I am never shopping at Fry’s Electronics again. Their customer service appears to be modelled on the antithesis of customer care: for them, the customer is always wrong and, if you’re trying to return electronic media, you’re probably a criminal as well.
Continue reading “Do not shop at Fry’s Electronics”

Nonfamous in the NYT

After writing this article about Amazon’s new “Search Inside the Book” feature I was contacted by a New York Times reporter on Friday last week who interviewed me about my experiences using Amazon and how the new search feature affected me. Then, on Monday, the New York Times called back and said they wanted to do a photo of me for the article. How could I say no? Sure enough, a very nice photographer visited casa nonfamous that evening and proceeded to take some cheesy shots: me leaning back on a chair in the office with my feet on a stack of books while gazing casually into the camera (as you do); me in the sitting room with a cocktail in my hand and a laptop on my lap casually searching Amazon; that kind of thing. She took two rolls of film, and luckily the final result is only somewhat cheesy rather than exceedingly cheesy. I’d love to see the other shots she took. She’s a wedding photographer too, she says, so we might take a look at her portfolio — there might be some business for her in May.

And so, the article appeared in the New York Times today. Well, it’s on the website today, and it appears in the Circuit section tomorrow (Thursday). Guess I’ll pick up a copy or two, eh? 🙂

www.nonfamous.com got a brief mention in the article, so I if you’re a first-time visitor as a result of the article, welcome! Leave us a brief comment if so, we’d love to know how many people had their curiosity piqued by our little site.

Just for self-defence

A gun is a great defensive weapon … until it’s wrested from your hands by an attacker and turned back on you. The NRA would do well to heed this lesson. A 19-page blacklist found on the NRA’s website listing organizations, politicians and celebrities opposed to guns has been turned against the NRA by anti-gun activists. It’s a perfect description of the broad spectrum of poeple opposed to the out-of-control gun laws in the USA. Some celebrities were so miffed that they weren’t included that they even petitioned the NRA to be added!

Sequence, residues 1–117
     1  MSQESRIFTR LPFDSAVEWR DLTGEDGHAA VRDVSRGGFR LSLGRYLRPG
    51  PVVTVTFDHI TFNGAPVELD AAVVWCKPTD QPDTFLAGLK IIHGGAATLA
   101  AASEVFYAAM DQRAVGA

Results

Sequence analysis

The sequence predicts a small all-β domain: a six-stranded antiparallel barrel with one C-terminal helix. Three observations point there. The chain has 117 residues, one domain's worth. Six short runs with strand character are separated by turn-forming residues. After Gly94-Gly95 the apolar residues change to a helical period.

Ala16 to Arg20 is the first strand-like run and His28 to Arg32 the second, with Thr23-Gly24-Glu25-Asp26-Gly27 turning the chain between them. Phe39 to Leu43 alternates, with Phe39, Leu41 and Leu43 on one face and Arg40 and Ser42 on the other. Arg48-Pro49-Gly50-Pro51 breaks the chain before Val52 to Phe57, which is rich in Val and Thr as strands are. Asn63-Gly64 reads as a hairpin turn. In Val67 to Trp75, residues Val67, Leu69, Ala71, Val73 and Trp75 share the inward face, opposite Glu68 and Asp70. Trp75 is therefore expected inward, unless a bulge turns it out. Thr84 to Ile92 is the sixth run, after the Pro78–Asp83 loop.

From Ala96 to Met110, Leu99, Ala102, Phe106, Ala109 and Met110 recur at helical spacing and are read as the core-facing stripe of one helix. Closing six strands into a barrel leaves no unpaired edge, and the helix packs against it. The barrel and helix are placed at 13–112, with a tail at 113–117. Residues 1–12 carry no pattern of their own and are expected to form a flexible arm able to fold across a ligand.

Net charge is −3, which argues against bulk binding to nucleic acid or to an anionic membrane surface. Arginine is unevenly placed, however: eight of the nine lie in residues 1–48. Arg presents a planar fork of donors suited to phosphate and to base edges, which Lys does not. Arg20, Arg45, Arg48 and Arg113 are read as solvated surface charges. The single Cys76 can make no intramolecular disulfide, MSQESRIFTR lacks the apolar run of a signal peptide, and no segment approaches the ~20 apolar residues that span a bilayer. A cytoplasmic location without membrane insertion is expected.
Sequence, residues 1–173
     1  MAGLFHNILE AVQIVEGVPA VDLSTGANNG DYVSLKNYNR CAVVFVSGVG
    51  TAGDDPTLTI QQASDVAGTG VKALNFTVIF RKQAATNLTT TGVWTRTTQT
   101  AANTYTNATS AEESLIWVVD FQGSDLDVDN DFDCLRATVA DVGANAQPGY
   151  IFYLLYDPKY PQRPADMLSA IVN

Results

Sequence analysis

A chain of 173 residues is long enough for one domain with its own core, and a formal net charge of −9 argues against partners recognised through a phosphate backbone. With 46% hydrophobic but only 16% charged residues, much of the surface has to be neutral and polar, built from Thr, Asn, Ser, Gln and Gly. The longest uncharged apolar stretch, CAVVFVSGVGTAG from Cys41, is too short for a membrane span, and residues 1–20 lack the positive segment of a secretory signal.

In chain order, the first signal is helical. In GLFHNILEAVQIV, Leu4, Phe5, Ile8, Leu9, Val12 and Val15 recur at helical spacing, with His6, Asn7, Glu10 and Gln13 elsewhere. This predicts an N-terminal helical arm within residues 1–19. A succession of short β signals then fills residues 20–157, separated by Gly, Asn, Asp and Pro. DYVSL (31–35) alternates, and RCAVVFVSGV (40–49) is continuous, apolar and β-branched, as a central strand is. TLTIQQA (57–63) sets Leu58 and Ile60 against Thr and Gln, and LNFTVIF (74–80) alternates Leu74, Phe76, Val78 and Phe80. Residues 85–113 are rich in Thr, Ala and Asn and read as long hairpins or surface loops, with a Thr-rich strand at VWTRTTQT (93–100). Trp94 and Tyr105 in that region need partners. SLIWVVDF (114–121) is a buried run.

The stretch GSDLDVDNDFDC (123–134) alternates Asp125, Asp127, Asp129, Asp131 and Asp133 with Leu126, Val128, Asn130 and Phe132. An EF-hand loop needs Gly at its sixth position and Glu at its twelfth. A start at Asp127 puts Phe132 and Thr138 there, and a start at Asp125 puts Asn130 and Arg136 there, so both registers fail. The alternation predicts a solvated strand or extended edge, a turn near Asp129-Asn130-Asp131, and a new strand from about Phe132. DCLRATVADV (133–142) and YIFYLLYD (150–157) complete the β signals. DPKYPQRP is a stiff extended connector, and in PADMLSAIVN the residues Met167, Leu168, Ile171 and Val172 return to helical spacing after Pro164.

Heh, heh.

The sky is falling!

Well, not really, but at 11AM this morning one of the largest eruptions of the Sun in over a decade sent billions of tons of high-energy gas and subatomic particles towards the earth. It could cause some disruption in radio communications and such, but on the bright side there’s a good chance of some beautiful aurorae tonight. Step outside around midnight at take a look — hope it’s clear! Spaceweather.com has the details.

I’ve only seen the Northern Lights once before, about three years ago, from the rooftop of my old Capitol Hill apartment here in Seattle. The sky flashed an amazing irridescent green for about half an hour. An amazing sight I’m hoping to see again.

Search inside the book

Amazon.com has just introduced an incredible new feature. Now when searching for books, it doesn’t just look for keywords in the title and author — it looks in the actual content of the book! Pretty amazing stuff.

I actually found this really useful today. Years ago, I read a book by (at the time) a new Australian author. It was a bit of a pulp thriller, but I really enjoyed it, and I’ve been meaning to see what the author has written since then. Problem was, I couldn’t remember the title of the book or the author. I tried a couple of Google searches as I recall but could never work out what the book was. But today I searched for “antarctica seal marines invisibility” (yes, the book did touch on all these plot points!) and found Ice Station as the sixth search result. Brilliant!

It looks as thought they’ve done a wholesale scanning of a large collection of books, and then used OCR to create the search corpus. I noticed a couple of transcription errors, but on the whole it seems to work pretty well. Try it out!